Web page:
Breast cancer is very common and seen in both premenopausal and postmenopausal women. Research into prevention, better screening, and more effective treatments is occurring continually, and changes are translated into clinical practice relatively quickly. It is important for women's health care providers to have an understanding of breast cancer treatments and the gynecologic side effects. For premenopausal women interested in fertility, options should be discussed prior to chemotherapy. Issues pertaining to pregnancy after breast cancer should be discussed in a multidisciplinary fashion, involving the obstetrician/gynecologist, breast surgeon, and oncologist. Ovarian suppression is often used as part of breast cancer treatment in premenopausal women with hormone positive disease, and menopausal symptoms may be severe. Hormonal therapies including tamoxifen and the aromatase inhibitors are used in the treatment of hormone positive breast cancers. Each of these drugs has a variety of gynecologic implications. Understanding the options for treatment for menopausal complaints in breast cancer patients is important for women's health providers. Although most breast cancers are sporadic, a small percentage will be due to mutations in the BRCA genes. It is imporatant for women's health providers to take an appropriate family history and refer to genetic counselors for possible testing when hereditary cancer is suspected. This review focuses on the various women's health issues pertaining to breast cancer and treatment.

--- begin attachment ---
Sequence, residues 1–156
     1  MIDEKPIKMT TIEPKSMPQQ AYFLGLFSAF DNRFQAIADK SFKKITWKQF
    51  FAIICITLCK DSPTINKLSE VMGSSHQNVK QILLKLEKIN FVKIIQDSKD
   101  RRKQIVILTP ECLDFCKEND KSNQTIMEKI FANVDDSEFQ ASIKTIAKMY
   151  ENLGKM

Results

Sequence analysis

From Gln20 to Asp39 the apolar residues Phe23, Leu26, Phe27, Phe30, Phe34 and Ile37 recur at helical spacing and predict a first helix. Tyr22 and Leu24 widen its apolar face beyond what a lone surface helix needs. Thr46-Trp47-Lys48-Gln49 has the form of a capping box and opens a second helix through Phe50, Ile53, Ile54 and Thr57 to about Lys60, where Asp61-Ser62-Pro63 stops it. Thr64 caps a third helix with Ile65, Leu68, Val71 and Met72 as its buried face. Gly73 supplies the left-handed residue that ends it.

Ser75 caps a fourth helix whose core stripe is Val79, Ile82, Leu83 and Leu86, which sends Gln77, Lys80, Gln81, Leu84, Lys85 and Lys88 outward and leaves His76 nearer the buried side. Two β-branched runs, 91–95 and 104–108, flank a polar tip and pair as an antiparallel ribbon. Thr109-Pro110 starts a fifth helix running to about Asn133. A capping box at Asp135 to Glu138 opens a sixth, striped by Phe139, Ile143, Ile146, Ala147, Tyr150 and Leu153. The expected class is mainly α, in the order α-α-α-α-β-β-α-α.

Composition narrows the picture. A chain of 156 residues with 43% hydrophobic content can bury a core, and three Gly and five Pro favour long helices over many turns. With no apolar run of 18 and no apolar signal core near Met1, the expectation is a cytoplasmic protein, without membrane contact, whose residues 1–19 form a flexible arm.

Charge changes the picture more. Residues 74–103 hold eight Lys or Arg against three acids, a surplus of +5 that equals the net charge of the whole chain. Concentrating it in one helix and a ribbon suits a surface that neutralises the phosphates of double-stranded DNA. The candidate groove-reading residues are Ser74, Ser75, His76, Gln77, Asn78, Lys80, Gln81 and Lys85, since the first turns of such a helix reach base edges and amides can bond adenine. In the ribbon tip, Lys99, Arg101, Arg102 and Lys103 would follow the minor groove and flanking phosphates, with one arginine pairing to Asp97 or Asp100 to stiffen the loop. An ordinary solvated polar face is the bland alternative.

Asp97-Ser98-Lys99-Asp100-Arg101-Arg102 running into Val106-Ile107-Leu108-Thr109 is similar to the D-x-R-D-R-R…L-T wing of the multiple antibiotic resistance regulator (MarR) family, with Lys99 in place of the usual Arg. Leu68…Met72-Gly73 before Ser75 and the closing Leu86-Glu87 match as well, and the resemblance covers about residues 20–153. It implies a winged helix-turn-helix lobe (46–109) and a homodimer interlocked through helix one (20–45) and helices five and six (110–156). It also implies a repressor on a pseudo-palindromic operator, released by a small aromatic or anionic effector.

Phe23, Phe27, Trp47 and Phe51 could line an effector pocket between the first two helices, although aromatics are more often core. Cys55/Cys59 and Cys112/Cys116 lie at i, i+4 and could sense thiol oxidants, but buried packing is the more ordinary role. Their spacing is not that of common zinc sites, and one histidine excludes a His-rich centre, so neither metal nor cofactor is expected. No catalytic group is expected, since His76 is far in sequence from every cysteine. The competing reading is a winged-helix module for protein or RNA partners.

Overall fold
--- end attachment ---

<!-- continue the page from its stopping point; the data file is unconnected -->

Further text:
Target Audience: Obstetricians & Gynecologists, Family Physicians
Learning Objectives: After completion of this article, the reader should be able to identify potential impact of breast cancer treatment on a women's future fertility, organize a logical approach to the gynecological care of a patient on tamoxifen for breast cancer, and describe the gynecological factors of importance to women who are BRCA1/2 positive.